For his part, Simington said in a statement that he believes that the new FCC notice of inquiry (NOI) asks “the critical questions that must be answered if we are to prevent a spectral famine,” including questions that get to the heart of spectrum rights and how spectrum disputes are adjudicated. “It is time that our spectral rights framework becomes certain, and it is time that our regulatory approach goes duplex,” Simington said, going on to add that “FCC spectrum policy must clearly and precisely define spectrum rights, both in-band and at band edges, and those rights must reflect efficient receiver performance where that is a reasonable goal. This is the only framework truly capable of accommodating the interests of not only industry incumbents and future commercial users, but that also stands as a model for federal users.

“As I’ve argued before,” he continued, “we cannot afford the next C-Band fight—wherever in the allocation table it might be. This item takes a first step toward foreclosing that eventuality.”

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EE, Qualcomm test seven-carrier aggregation to boost 5G


EE expects to reach half of the U.K. population with its 5G service by early 2023

U.K. carrier EE claimed to be the first European network to successfully aggregate a 5G signal using seven different spectrum carriers, the telco said in a release.

The experiment was performed in collaboration with Qualcomm Technologies at BT’s Borehamwood lab, and used five 4G spectrum bands and two 5G. The latter included the 3.6 GHz frequencies acquired in U.K.’s latest auction in 2021.

EE noted that the lab tests reached 5G data speeds of 2.2 Gbps in with expected real-world speeds of over 1.7 Gbps on the network.

A mobile test device featuring the Snapdragon 8 Gen 1 Mobile Platform with Snapdragon X65 5G Modem-RF System was used to achieve the milestone, EE said.

“Our commitment to technology investment and innovation, coupled with our leading 5G footprint, continues to see the EE network offer and sustain the best overall 5G experience in the UK. By pooling our research expertise with Qualcomm Technologies, we have been able to further enhance the EE network and will start to deliver some of Europe’s fastest 5G speeds in our major cities,” said David Salam, director of mobile at EE.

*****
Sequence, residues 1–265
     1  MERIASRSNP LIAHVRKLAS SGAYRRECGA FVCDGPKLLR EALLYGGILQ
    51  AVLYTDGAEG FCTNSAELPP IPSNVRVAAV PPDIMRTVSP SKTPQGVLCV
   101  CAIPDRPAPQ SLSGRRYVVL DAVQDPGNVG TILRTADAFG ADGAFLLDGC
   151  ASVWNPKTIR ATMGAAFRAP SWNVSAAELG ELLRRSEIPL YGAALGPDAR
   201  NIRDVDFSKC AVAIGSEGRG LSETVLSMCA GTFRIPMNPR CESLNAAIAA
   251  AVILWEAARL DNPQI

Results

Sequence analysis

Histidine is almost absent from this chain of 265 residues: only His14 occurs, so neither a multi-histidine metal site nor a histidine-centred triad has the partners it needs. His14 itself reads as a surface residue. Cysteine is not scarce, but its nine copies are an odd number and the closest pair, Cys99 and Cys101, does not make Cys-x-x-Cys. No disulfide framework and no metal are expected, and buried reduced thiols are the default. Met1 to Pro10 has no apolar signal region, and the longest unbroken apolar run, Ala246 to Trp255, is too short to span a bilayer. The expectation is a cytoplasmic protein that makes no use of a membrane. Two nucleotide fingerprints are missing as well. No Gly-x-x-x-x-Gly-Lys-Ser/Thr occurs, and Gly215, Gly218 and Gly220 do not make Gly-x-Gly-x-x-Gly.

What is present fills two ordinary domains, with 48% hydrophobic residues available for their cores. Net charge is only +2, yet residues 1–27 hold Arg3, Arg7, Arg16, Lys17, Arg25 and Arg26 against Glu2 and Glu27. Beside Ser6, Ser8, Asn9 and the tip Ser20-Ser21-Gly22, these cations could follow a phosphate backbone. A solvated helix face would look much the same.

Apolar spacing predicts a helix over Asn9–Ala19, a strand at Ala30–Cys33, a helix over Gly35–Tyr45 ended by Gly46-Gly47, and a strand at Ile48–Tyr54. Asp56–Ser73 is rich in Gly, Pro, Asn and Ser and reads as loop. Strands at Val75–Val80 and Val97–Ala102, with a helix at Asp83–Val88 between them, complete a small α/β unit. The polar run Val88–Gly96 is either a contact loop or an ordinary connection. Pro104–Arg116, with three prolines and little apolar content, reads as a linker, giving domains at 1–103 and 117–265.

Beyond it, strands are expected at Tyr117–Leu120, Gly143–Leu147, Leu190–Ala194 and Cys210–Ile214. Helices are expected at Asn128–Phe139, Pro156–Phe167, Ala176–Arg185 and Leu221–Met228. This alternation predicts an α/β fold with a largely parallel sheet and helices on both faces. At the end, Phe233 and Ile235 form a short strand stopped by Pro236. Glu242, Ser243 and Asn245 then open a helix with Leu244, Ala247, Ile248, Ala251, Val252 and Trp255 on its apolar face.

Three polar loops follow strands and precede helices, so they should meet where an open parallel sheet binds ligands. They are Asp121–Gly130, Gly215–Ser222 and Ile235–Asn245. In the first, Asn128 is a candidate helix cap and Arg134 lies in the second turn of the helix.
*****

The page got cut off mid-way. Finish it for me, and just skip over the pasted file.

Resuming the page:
Vikrant Jain, director of business development at Qualcomm Technologies International, said: “Aggregating seven (5LTE +2NR) different spectrum bands for 5G is a significant achievement and will provide enhanced customer experience.”

EE initially launched 5G technology in London, Edinburgh, Belfast, Cardiff, Birmingham and Manchester. Other large cities in which the telco offers 5G coverage includes Bristol, Covently,  Hull, Leeds, Leicester, Liverpool, Newcastle, Nottingham, Sheffield and Sunderland.

The U.K. carrier previously said it expects to reach half of the U.K. population with its 5G service by early 2023. The also telco said that its 5G network will reach 90% of the country’s territory by 2028.

To reach this benchmark, EE said that its recently obtained 700 MHz 5G spectrum will be deployed across the majority of EE sites, offering indoor and wider rural coverage.

EE had previously secured 2×10 megahertz of paired frequency spectrum in the 700 MHz band at a cost of £280 million (currently $365 million); 20 megahertz of supplementary downlink spectrum in the 700 MHz band at a cost of £4 million; and 40 megahertz in the 3.6-3.8 GHz band for £168 million.